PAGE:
What if Apple came up with its most important new product in years and the world yawned?
Next week’s expected unveiling of Apple’s mixed reality headset – a product that combines virtual reality with augmented reality, which overlays a digital world on to the real one – feels oddly out of step with the times.
Generative AI has taken the tech industry by storm this year. It could represent the most important new way of interacting with computers in a long time, with the sort of impact that resulted from the iPhone’s multitouch screen 16 years ago.
It is not yet clear how this new form of AI will affect the smartphone domain dominated by Apple. The text-heavy interactions of ChatGPT are not suited to small screens, and voice- and image-based applications of the technology for handsets are still under development. But for now, this has become the tech industry’s most important experimental focus, rather than the immersive world of VR.
Most people who have tried virtual reality are amazed by the novelty, but they feel little desire to don a headset when they want to work, play games or be entertained
Even without this explosion of interest in a different corner of the tech world, the headset that Apple has been working for years to perfect would still feel oddly beside the point to most consumers. At about $3,000 (€2,720), its high price will limit sales to a handful of enthusiasts, as well as developers who want to create software for it. And the world has not been demanding a cheaper VR device (Meta’s Quest 2 will soon sell for as little as $299). Most people who have tried virtual reality are amazed by the novelty, but they feel little desire to don a headset when they want to work, play games or be entertained.
However, Apple’s venture into virtual and augmented reality needs to be judged against a broader set of objectives. It is best seen as a hedge against future technology disruption, a relatively modest but still useful extension of Apple’s existing universe of services and gadgets and a place holder for a technology revolution that is likely to take many years to play out.
The hedge is against threats to Apple’s iPhone empire. It is not clear whether or when the smartphone will lose its central place in people’s digital lives, but Apple clearly needs to place more bets on the future.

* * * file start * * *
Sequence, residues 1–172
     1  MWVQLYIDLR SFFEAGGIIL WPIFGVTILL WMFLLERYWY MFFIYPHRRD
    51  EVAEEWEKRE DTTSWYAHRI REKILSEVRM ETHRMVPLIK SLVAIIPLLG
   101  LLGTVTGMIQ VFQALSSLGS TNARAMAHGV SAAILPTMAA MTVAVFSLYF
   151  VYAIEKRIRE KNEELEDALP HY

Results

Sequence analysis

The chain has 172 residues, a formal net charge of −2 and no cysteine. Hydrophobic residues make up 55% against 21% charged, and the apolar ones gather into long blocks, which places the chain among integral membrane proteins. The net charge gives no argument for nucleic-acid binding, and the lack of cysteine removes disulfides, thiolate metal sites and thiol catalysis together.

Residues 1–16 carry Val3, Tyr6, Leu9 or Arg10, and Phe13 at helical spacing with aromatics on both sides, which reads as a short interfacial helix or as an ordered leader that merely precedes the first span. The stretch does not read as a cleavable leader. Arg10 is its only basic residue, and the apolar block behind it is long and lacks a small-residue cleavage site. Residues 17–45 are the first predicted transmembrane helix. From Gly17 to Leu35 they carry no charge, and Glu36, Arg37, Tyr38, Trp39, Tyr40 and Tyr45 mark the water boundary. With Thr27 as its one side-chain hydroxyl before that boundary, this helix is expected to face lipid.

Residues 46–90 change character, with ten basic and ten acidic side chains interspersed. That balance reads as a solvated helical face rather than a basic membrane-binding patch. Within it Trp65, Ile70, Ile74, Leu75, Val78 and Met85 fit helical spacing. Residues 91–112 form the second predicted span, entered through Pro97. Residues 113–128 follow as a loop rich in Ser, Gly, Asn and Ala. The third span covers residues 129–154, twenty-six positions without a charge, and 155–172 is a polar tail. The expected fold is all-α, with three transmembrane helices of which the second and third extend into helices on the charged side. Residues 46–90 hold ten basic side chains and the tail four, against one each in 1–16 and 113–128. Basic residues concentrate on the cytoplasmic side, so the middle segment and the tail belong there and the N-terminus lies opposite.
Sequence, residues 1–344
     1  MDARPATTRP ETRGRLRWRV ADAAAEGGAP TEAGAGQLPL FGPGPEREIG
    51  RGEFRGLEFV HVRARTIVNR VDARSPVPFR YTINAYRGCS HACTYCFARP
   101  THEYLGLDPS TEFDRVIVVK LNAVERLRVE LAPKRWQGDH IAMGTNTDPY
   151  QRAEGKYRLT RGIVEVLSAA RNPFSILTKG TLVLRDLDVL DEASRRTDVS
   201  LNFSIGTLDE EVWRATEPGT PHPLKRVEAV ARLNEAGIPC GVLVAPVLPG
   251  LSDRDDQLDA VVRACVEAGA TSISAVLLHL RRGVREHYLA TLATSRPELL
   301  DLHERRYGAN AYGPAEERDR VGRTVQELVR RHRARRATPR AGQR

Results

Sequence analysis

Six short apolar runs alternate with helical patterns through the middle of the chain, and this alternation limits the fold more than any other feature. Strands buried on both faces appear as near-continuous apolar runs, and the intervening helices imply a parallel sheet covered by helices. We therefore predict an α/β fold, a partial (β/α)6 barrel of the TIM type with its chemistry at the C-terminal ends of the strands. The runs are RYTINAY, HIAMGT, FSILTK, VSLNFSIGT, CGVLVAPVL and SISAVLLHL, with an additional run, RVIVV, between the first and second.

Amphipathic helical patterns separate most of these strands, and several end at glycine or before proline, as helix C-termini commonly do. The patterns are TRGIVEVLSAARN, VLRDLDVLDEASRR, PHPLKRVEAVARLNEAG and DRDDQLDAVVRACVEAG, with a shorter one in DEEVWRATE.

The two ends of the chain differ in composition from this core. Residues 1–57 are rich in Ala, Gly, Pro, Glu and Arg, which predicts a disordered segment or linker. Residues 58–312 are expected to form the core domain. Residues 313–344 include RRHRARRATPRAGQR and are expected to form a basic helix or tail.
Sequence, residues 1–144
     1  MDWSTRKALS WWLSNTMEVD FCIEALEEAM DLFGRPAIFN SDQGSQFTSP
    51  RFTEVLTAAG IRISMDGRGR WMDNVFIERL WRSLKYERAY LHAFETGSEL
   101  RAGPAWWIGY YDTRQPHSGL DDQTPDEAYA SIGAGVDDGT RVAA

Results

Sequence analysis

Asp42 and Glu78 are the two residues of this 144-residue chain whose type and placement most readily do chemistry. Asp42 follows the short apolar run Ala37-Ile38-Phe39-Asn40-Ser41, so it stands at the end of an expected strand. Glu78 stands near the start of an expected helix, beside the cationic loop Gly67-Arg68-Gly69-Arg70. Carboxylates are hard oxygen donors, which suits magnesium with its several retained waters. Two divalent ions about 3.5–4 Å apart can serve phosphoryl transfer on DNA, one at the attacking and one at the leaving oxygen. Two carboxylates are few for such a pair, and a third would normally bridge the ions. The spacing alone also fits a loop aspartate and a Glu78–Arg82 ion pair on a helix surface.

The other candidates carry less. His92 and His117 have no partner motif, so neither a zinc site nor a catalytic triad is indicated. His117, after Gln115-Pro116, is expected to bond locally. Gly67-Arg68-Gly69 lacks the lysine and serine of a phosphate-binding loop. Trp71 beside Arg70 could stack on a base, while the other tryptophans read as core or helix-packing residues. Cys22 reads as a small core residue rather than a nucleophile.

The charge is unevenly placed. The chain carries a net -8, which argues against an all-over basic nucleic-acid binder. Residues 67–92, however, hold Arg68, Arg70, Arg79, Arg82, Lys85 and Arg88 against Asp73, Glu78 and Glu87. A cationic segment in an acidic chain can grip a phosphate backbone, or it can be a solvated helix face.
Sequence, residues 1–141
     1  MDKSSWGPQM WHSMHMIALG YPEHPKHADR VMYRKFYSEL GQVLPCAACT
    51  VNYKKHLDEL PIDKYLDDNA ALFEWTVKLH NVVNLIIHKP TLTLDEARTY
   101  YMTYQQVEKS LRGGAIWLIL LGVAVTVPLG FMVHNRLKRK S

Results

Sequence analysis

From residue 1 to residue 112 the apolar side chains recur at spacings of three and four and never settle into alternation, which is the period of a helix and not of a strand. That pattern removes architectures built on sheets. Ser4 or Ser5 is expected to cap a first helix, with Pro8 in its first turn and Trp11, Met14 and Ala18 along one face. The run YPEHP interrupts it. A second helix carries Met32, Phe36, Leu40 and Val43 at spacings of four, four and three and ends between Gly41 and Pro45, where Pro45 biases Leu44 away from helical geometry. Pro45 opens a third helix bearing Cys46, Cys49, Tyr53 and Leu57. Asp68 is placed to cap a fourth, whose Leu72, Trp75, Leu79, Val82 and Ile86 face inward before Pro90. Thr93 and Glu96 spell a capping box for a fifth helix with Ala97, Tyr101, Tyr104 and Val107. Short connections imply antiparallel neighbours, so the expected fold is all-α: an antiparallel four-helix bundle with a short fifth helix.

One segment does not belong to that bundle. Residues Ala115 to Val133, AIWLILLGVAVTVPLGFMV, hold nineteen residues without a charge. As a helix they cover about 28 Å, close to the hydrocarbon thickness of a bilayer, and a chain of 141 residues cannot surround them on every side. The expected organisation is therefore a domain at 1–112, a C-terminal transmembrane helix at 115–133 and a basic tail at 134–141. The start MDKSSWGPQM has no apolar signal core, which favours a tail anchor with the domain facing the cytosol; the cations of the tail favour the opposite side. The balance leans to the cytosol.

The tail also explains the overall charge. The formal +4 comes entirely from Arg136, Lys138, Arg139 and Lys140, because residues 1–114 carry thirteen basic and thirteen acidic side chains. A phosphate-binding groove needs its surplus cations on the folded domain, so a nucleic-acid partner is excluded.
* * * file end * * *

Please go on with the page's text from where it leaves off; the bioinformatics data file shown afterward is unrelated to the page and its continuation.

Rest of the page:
The company formerly known as Facebook was the first to attempt the leap beyond the smartphone, with its acquisition of VR company Oculus nine years ago. It signally failed: only 8.5 million VR headsets were sold last year, according to an estimate from the Interactive Data Corporation. That still leaves the field wide open for Apple.
Even if sales are minimal for a protracted period, the headset should be a moderately profitable addition to Apple’s line-up and another way to tie users more tightly into its expanding digital universe. With a suite of its own digital services, such as music, video content and game subscriptions, Apple will be well-positioned to develop the VR experiences needed to stimulate demand for its headsets.
Software sales could eventually overshadow the amount spent each year on hardware, as they do in the console gaming market
The 34 million software developers registered to work on Apple’s devices represent an even more powerful asset. It is not clear what the “killer apps” will be for VR, but the combined efforts of these people make it likely they will come to Apple’s headsets first.
This has left most Wall Street analysts sanguine about the expected extension to Apple’s hardware range. Goldman Sachs, for instance, forecasts that its headset sales will reach $18 billion five years from now. That would give a useful lift to Apple’s division that sells wearables, home devices and accessories, and which delivered sales of $41 billion last year. A wild card is the high-margin services sold alongside the headsets: if consumers are willing to pay up for the deeply immersive experiences that come with VR, software sales could eventually overshadow the amount spent each year on hardware, as they do in the console gaming market.
Finally, as a place holder in an important new category of technology, an Apple headset would be a statement of intent, rather than an end in itself. However impressive the technology behind the device, it will still suffer from the problem common to all VR and AR headsets: most people do not want to don a bulky headset or to cut themselves off from the world to enter a different digital realm.
Until the same experiences can be worked into lightweight glasses – or even, one day, contact lenses that make the technology completely invisible – VR and AR are unlikely to infiltrate everyday life in the way that smartphones did. But if Apple finally launches its headset next week, it will have taken the all-important first step. – Copyright The Financial Times Limited 2023